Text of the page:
All batteries in cars have a constant draw for keep alive stuff like
clock memory, ECU, and radio pre-sets. If the draw is like 60~100 mah,
it's perfectly normal. Start locating an excessive draw by disconnecting
the power feed from the alternator. If a big draw (> 1AH) stops then,
it's almost certainly an alternator diode. If the draw doesn't stop
then, it's time to start pulling fuses (meter attached) until the
offending circuit is located.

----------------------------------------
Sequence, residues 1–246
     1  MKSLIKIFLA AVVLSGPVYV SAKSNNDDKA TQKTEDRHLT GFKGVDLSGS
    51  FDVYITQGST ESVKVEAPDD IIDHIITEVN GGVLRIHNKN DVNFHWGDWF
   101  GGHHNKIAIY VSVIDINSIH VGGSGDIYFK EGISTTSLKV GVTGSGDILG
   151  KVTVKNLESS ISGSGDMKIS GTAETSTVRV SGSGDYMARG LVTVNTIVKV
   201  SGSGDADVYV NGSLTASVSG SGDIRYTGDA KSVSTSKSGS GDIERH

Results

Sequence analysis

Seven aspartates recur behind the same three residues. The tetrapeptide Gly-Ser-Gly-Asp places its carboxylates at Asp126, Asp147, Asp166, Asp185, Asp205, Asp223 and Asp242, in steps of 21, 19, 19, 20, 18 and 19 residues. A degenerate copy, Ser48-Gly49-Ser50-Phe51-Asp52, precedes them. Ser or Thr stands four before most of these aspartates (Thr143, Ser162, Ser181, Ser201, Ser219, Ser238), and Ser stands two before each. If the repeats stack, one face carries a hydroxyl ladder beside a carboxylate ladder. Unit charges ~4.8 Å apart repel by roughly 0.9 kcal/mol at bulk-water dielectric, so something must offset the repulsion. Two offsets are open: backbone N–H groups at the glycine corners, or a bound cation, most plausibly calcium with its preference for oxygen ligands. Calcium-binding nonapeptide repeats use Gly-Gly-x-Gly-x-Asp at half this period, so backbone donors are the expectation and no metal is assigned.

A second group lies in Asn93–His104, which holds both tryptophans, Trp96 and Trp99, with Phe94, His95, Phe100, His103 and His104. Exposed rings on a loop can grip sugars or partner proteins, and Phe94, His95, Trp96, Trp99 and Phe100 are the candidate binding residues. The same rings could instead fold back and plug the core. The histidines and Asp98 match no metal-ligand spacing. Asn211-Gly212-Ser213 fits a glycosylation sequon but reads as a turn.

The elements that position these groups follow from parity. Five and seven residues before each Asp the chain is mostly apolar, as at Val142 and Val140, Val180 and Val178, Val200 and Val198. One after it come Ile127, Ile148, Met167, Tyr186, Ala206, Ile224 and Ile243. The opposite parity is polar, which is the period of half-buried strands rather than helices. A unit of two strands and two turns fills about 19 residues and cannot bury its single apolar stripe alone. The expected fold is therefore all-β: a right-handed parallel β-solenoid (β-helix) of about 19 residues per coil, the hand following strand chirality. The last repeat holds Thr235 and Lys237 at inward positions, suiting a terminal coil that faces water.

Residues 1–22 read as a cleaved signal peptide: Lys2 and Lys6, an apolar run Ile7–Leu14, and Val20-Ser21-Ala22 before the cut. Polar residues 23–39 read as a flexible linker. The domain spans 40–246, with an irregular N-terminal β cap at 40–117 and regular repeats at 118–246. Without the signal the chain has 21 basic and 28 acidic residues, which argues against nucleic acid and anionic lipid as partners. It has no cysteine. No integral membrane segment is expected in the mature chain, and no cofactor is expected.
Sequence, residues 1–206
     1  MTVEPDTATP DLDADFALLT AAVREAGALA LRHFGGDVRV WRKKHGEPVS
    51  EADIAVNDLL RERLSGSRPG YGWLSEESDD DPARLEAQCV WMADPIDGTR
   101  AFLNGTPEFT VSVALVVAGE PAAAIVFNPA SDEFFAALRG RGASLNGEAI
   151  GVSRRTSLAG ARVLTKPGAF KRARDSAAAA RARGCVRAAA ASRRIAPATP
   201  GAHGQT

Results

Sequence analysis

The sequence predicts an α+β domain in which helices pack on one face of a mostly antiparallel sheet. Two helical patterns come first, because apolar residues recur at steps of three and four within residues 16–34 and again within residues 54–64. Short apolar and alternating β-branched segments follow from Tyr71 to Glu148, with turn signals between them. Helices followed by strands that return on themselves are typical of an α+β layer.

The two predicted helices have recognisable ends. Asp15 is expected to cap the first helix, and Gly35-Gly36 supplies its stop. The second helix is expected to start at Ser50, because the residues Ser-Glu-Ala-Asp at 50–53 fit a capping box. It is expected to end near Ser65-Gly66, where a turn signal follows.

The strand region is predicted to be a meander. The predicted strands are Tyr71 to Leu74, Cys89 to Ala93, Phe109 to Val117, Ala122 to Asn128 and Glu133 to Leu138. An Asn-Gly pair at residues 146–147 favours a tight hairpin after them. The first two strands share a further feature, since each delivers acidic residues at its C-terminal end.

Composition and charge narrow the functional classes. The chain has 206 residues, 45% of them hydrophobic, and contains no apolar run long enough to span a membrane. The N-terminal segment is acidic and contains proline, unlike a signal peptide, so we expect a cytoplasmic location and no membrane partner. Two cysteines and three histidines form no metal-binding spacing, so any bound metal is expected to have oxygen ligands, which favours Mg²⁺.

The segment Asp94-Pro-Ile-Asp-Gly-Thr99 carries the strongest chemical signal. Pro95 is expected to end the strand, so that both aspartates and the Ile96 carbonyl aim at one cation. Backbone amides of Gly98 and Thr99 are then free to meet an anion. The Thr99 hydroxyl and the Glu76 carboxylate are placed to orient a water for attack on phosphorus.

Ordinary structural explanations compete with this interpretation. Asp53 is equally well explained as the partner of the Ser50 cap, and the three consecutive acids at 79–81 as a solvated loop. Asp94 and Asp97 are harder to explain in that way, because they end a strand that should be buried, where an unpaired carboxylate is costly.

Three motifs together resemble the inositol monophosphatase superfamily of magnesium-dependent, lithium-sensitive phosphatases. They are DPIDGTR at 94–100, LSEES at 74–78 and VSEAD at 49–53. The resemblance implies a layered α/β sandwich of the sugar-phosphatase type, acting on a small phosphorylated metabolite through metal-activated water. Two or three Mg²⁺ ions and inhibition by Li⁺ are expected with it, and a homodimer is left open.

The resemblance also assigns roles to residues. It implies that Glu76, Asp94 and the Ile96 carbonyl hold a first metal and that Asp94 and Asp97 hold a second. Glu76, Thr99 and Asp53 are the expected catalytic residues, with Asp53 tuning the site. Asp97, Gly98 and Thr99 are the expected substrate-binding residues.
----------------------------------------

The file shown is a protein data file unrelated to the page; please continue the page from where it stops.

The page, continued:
It'd help us if we knew how fast the draw is--either in ah/mah's or in
hours or days to draw it down to a no-start condition. Also a bit of info
on how strong the batt is on a load-test. Also, is it always or
intermittent? Recently helped a guy locate his intermittent leak only after
he told me how quickly it ran him into a no-start condition and that the
batt would be completely down(flat?)after one overnite-sit when the
intermittent leak hit. Was the passenger power-seat button that would
occasionally stick in one position, and those circuits are always-hot no
matter the key-position. A tad more info, please. s
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